Hodgins was not the only one who the hoop shrunk on during Friday’s game. A’Shanti Coleman was 1-7 after her 14-point game on Tuesday, but added an assist and three rebounds to the books.
Jayde Christopher had five points on 2-3 shooting, which went nearly unnoticed as the notorious all-seeing passer handed out a team-leading seven assists. This is no surprise for Christopher, who holds the No. 2 spot on the Boise State leaderboard for overall individual season assists (176 in 2018-19).
By the end of the night, Boise State totalled 25 assists on 33 baskets, 20 of which came from the starting five.
“That’s tremendous. That doesn’t happen very often,” Presnell said. “We shared the basketball and we made the extra pass and no one got selfish and it was really, really good.”
Lupfer and McGwire display their specialties
Lupfer scored a game-high 20 points, 17 of which were scored in the first half. The senior guard shot 6-12 from deep, just two 3-pointers shy of the individual single game record set by Brooke Pahukoa in 2016. Lupfer also picked up five rebounds and three assists.
“[Lupfer] loves basketball. She loves to win. Like, she genuinely loves to win,” Bowers said. “It’s crazy, but I just think she has a lot of heart when she plays. So I think that has a lot to do with it.”
Mallory McGwire went 5-8 for 10 points and pulled down eight rebounds. PSU’s senior forward Jordan Stotler (6’4”) presented a challenge for McGwire (6’5”) which she did not face against LCSC: height. A constant battle ensued between Stotler (seven rebounds) and McGwire, but McGwire still noticeably picked the ball out of the air with ease even while surrounded by several Portland State rebounders.
Size will be a factor again in Sunday’s game, as Missouri has five players on their roster that are 6’2” or taller, featuring a 6’4” center. McGwire, Coleman, Bowers and the other forwards will potentially have their work cut out for them down low.
“[Missouri is] really confident and then they’re really big… so we gotta adjust to the size that they have,” Presnell said. “They’re going to play with a lot of confidence early and we have to be able to match that confidence.”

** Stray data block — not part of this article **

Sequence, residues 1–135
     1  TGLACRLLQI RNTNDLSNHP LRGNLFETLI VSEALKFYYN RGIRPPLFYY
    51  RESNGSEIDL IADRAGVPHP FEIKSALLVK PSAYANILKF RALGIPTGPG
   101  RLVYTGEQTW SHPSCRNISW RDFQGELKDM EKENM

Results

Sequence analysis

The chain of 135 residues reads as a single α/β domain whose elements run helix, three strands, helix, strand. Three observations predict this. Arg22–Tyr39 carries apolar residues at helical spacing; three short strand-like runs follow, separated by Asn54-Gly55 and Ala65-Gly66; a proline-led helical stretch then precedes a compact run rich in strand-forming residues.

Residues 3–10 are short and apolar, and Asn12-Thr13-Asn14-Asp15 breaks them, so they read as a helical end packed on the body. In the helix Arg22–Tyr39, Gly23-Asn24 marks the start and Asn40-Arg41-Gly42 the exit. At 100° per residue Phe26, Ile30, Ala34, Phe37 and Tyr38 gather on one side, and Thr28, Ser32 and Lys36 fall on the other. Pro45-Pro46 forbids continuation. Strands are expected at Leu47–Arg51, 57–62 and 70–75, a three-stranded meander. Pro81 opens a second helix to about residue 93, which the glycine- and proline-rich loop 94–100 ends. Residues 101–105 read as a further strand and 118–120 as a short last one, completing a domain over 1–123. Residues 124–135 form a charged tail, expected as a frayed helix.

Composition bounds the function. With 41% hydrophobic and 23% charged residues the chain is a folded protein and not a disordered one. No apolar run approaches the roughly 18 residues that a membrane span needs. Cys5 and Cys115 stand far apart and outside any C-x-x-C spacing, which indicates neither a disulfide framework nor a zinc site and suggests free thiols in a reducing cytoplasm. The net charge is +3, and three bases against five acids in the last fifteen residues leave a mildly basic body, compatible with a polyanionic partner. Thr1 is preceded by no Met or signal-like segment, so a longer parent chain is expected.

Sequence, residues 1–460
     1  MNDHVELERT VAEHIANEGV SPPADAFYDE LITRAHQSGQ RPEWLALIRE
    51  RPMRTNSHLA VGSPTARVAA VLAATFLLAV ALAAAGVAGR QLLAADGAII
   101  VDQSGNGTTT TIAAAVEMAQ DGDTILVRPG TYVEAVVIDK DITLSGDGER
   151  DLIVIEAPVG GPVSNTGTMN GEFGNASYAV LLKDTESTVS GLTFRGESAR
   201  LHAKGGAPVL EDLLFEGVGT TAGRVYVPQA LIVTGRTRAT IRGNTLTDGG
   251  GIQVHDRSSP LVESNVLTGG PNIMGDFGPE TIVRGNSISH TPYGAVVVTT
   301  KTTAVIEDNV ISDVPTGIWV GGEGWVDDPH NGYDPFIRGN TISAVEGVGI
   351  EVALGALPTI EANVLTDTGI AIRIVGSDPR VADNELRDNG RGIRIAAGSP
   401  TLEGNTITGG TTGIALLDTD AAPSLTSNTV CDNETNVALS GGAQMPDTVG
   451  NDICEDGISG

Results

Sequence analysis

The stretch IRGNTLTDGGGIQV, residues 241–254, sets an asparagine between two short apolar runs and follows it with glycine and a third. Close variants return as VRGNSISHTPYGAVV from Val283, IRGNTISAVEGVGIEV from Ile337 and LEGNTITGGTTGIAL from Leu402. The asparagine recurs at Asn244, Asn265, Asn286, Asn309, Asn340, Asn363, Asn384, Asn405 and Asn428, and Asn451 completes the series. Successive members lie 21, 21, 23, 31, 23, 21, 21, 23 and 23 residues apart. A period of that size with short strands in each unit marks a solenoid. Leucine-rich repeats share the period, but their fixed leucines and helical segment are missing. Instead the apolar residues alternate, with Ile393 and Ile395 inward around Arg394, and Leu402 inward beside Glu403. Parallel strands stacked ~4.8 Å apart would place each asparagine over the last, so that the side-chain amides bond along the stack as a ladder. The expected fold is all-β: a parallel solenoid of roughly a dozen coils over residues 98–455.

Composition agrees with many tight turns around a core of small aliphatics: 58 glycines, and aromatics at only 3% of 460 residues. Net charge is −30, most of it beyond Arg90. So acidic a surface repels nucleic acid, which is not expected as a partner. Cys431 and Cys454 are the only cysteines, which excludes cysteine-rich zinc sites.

Coleman and Christopher found themselves in foul trouble on Friday, each ending the game with four fouls after picking up two apiece in the fourth quarter. Personal fouls were a frustration for the Broncos all night, especially in the second half in which they picked up 13.
In the fourth quarter alone, the Broncos were handed nine fouls, three of which happened in a span of 34 seconds.
After the turmoil, Presnell stated that the team “can’t go flat” even amidst a large lead.
“I didn’t do a good job of [keeping the team focused]. In our scrimmage earlier in the year, we were up big and went flat and we preached about it; we can’t go flat,” Presnell said. “But you’re up by 30 and all of a sudden you turn your mind off a little bit and we kind of went flat. We’ve got to battle that.”
Remaining Preseason WNIT scenarios
With a win against Missouri State on Sunday, the Broncos will advance to the tournament semifinals on Nov. 14 at a site to be determined.
“We know [Missouri State is] a good team, they’ve played a lot of top-25 schools in the past couple of [games],” Bowers said. “I think we’re going to go into the game on Sunday like it’s any other game. We’re going to have one day to prepare and we’ll prepare for it like any other game.”
If the Broncos lose on Sunday, they will head to a third round consolation bracket on either Nov. 15 or 16 at a location to be determined.
Regardless of the outcome, Boise State’s participation in the preseason tournament will ultimately have an impact on their national tournament prospects come March. By facing at least two teams that attended last season’s Big Dance, the Broncos have put themselves in a position to be more well equipped for success both on the court and in terms of RPI.